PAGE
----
At the FIDM Museum, we’re delighted to showcase our objects in exhibitions both locally and abroad. We’ve talked about our participation in Reigning Men at LACMA and Oscar de la Renta at the de Young Museum, and last month one of our pieces joined Undressed: A Brief History of Underwear, currently on display at the Victoria & Albert Museum in London. The exhibition explores both the utilitarian and seductive purposes of underwear – how these garments shape the body and relate to the fashionable silhouette. Our Museum sent an object that combines elements of historicism, religion, satire, and sexuality in its relatively simple design, creating a bold and shocking garment that could only belong to one woman: Vivienne Westwood.
Westwood’s devoted fan base knows that the British designer is no stranger to controversy. She was a key player in London’s burgeoning punk scene in the 1970s; her infamous boutique on King’s Road sold irreverent counter-culture clothing that represented the punk movement’s anti-authority missive. Political activism inherently became part of Westwood’s design aesthetic. In these early years, she turned to the past for inspiration, as she would throughout her career, incorporating the look of Teddy Boys and the 1950s music scene into her punk-rock designs. Her first runway collections in the 1980s were also heavily influenced by historic themes, from pirates and witches to corsets and cage crinolines.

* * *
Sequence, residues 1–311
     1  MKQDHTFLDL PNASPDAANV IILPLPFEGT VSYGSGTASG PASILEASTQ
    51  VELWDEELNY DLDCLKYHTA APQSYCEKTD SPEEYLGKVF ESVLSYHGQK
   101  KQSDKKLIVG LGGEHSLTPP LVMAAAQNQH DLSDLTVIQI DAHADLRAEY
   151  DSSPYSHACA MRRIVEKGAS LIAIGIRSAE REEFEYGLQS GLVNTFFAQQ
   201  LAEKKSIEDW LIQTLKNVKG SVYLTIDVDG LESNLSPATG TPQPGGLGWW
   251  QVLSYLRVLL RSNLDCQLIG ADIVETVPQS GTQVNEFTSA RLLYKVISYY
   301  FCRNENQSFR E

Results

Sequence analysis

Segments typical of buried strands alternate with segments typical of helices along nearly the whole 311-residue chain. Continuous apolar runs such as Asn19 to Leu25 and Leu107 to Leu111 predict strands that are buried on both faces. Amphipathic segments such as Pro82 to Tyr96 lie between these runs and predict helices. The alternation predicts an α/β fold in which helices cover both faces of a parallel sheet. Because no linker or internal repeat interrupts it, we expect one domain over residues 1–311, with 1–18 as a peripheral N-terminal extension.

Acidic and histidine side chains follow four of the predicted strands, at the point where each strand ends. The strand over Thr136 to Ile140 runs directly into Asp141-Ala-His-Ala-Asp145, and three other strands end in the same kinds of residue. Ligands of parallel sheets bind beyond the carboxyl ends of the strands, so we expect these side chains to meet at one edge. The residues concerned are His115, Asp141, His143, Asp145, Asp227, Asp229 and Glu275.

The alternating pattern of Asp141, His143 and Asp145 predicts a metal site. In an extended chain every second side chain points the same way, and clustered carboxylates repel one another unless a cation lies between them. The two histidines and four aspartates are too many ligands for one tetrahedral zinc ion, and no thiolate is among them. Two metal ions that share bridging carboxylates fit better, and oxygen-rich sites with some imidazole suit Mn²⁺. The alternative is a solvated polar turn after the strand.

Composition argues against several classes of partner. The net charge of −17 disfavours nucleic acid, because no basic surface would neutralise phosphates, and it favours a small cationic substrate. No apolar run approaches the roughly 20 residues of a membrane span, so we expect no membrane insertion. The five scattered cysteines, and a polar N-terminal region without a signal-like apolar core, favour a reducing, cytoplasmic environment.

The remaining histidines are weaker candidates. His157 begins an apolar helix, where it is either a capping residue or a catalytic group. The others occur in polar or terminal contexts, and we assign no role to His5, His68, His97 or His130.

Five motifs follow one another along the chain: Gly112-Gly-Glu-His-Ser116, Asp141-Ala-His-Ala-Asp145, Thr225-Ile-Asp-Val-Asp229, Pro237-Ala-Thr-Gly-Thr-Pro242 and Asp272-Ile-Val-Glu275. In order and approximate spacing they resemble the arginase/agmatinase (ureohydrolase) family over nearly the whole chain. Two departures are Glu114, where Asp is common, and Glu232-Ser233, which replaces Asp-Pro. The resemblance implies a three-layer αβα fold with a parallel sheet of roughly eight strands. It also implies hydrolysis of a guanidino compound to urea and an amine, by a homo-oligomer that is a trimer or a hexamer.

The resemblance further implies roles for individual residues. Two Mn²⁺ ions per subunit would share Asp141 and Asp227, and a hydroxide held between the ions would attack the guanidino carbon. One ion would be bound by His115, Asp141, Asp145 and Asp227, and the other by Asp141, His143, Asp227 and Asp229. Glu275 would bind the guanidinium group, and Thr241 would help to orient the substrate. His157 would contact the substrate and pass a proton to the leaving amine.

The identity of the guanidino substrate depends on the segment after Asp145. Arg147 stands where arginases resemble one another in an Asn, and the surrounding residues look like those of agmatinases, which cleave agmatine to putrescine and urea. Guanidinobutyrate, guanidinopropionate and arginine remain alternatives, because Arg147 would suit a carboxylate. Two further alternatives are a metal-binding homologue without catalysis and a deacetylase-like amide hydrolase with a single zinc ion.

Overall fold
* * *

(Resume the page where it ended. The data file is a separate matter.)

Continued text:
Vivienne Westwood leggings on display at the V&A; picture via Style Bubble